My previous Works-For-Me-Wednesday Ideas:Works for My Daughter (tent for a little solitude)21st Century Calling CardsBuying LocallyWorks-for-my-Friend Wednesday (Storage for Hospital Stays)When Life Is Crazy-Busy, Do the Next ThingProjects Contained and PortableCastile Soap for a Simpler Life (and blemish-free face)Post-It Annotation for Library BooksEveryday Mom-Mobile Essentials & Travel NotebooksMoney-Motivated KidsDrawers-by-the-DoorMake the Most of Internet Lag TimeStoring Dishes: How Low Can You Go?Crepes? Mais, Oui!Containerize Kids’ LaundryLet It Snow, Let Us Slow (Crockpot Steel-Cut Oatmeal)Family LoveFestJoy of Lifelong Learning–For Free!MP3 AccompanistMP3 Note-taking

  • There's always more to come: subscribe to Ann Kroeker by e-mail
  • Want to slow down in our fast-paced world? Check out Not So Fast: Slow-Down Solutions for Frenzied Families.
  • "Like" me on Facebook.
  • Follow me on Twitter.
  • Comments

    1. Hey Ann,

      Thanks for popping by my blog and thanks for the encouraging words! Glad you’re enjoying my Paris posts. I have a few more up my sleeve. Btw, in reading the above post I have decided that you are WAY too organized for me. ;)

    2. My husband is frequently trying to teach me about the cool things Outlook can do, and how helpful it can be. Sounds like you’ve learned the system well! Perhaps I should recieve his lessons more willingly and find my life simplified.

      I’ll just not tell him it was another woman who pushed me over the edge. He can think it was all him! :)

    3. How I miss Outlook. It is a phenomenal tool but last year I found myself using several different computers throughout the course of a day and my contacts and to do’s kept getting scattered about between them. Now all of my info is in Yahoo! which is great for mobility but not as great in functionality as Outlook.

      I like the idea of having a day’s chores pre-defined and simply printing out the list. Keeps one from re-inventing the wheel each week.

    4. Joni: Oh! If you only knew how unorganized I am in most of my life, you would totally change your opinion. I’m looking around the room as I type, shaking my head.

      Karen: The ideas I tossed out are really simple. There’s a lot, lot more that Outlook can be used for, especially for your ministry stuff. I would urge you to give it a try–pick one thing that would truly help you out and see if you like it. You’re already pretty technically minded, with your e-newsletters and such.

      Toni: You know, a friend of mine was using Yahoo! for her calendar and other applications. I’ve never even tried it. Mobility is good. I guess one has to determine a system’s pros and cons, and pick the best pros and the least bad cons. My writing partner and I actually used Plaxo to link up our shared address list, so sometimes combining an online system with what’s on the computer can work well. I wonder if Yahoo would have some elements that would complement Outlook?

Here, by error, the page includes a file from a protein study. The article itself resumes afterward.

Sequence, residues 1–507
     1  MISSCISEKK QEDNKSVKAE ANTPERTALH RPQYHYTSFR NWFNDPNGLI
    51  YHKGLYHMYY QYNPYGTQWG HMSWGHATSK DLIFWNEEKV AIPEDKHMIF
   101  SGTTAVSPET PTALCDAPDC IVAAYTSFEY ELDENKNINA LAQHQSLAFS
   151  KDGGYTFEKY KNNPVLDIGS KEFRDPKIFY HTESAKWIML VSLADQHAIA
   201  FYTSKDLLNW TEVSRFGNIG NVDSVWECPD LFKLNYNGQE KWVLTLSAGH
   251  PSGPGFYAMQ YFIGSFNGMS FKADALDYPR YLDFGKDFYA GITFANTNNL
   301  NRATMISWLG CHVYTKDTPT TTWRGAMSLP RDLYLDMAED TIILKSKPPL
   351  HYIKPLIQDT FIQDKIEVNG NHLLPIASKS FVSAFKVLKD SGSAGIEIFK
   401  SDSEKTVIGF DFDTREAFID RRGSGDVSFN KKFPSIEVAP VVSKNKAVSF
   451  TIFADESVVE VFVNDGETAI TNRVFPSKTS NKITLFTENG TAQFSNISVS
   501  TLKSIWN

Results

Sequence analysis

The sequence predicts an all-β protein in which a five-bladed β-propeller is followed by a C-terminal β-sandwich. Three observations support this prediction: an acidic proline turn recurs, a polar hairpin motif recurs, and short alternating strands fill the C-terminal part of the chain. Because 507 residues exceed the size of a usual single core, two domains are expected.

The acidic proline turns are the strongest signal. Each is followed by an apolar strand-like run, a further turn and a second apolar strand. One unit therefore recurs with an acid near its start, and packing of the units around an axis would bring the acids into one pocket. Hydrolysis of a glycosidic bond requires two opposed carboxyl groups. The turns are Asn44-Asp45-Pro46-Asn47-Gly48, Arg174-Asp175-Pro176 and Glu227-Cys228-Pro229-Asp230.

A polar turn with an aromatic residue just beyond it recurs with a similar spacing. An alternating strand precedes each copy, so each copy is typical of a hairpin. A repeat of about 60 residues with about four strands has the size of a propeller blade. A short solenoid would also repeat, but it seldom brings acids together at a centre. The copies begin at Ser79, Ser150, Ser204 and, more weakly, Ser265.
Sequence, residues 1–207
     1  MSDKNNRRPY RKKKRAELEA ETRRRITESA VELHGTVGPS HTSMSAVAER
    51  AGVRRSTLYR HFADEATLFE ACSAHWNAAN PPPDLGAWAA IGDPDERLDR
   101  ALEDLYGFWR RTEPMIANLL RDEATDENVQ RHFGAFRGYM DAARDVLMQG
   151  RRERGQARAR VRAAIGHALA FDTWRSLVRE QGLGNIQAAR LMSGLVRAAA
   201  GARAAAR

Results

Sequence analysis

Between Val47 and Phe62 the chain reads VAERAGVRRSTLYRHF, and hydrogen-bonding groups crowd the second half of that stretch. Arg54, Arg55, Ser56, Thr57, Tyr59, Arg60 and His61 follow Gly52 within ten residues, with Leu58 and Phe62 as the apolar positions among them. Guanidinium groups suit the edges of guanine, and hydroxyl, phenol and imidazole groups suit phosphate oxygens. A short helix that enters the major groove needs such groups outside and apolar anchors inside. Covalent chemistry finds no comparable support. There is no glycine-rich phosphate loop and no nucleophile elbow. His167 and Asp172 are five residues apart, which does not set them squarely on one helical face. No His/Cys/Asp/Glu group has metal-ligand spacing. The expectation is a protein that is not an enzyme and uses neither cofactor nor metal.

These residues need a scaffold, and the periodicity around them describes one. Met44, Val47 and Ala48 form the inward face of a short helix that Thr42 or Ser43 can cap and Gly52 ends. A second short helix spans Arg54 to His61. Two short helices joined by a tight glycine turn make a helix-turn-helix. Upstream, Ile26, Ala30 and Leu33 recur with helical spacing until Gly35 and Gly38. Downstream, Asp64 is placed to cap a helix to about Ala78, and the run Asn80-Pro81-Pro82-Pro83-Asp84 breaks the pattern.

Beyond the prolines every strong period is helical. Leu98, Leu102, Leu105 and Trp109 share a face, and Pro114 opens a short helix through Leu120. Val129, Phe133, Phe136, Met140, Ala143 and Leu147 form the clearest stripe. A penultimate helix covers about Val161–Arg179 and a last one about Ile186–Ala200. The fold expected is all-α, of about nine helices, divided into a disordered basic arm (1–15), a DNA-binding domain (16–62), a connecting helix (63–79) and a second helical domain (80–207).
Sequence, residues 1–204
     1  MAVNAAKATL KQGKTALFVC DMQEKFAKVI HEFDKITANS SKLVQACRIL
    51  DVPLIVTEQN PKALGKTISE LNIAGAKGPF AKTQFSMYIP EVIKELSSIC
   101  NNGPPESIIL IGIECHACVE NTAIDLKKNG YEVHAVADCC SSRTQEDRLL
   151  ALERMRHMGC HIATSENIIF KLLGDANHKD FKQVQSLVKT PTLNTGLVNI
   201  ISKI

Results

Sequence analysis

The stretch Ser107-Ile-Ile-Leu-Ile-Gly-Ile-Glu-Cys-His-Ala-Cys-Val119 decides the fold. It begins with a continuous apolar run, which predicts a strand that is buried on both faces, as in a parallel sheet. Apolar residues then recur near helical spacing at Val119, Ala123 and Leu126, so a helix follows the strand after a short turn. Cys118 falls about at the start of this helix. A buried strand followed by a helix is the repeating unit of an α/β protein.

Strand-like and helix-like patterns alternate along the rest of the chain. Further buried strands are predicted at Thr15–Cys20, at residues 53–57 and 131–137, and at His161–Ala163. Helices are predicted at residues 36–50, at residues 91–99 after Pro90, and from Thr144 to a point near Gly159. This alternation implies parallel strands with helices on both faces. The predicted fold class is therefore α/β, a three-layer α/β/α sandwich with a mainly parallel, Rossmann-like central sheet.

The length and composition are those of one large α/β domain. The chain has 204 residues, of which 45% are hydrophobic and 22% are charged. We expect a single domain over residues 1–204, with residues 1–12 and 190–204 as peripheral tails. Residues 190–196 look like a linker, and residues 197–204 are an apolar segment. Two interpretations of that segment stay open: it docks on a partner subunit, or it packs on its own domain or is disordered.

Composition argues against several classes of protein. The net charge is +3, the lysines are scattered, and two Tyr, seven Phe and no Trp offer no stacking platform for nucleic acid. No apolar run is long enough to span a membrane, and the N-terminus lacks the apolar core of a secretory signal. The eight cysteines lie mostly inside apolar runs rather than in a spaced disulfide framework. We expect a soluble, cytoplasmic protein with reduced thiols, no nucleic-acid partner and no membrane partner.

5. Michael says:

      Ann, Can you help a fella out?! I am with you almost 100% of the way on using Outlook categories instead of, for “ease of use” breaking up all my contacts into folders that don’t really make sense in today’s “my-doctor-could-be-a-client” world. I need one big file with all my contacts in it, but I also need to sort by categories then print out labels for written communication with them. I can sure sort by the categories, but I’m having trouble getting prompted when I do that for the label template. When I use work and come in through the back door on a Mail Merge, it won’t let me sort by categories….what to do?!

      Any ideas. Thanks md

    6. I’ve not yet done a physical mailing–though I’ve used categories to send out group e-mails.

      My quick idea would be to set up a folder that you just call “mailing.” Leave it empty. Go to your main list of names and sort by category. Click on the bar or label for the category of choice. Right mouse-click. You should get some options, and one is to “move to folder.” You can just move that list of names to the “mailings” folder. Go through the steps of addressing mailing labels per your Avery instructions/wizard, and when it asks for the folder, just tell it that folder. When you’re done with that mailing, just delete everything in the folder or delete the folder. Repeat as needed for specific mailings.

      Now there are probably multiple ways to get what you want. You may have to export just the categories to some other place (maybe excel? I don’t even know) and do a mail merge. For more sophisticated options, check out these explanations at the Microsoft site. If these don’t help you through that one glitch-y moment, try typing in more keywords and browse what it brings up. I found answers to my mass e-mail questions there:



    7. realy it is agood program but you like hill in that picuter up there lady so work on it first than we will take about you life in the next time of you sely website .


    1. […] edge might actually help them skid to a stop.  What’s better?  Either type the note into the Task section of Outlook (no paper involved) or in a notebook (it stays attached to the […]

    Speak Your Mind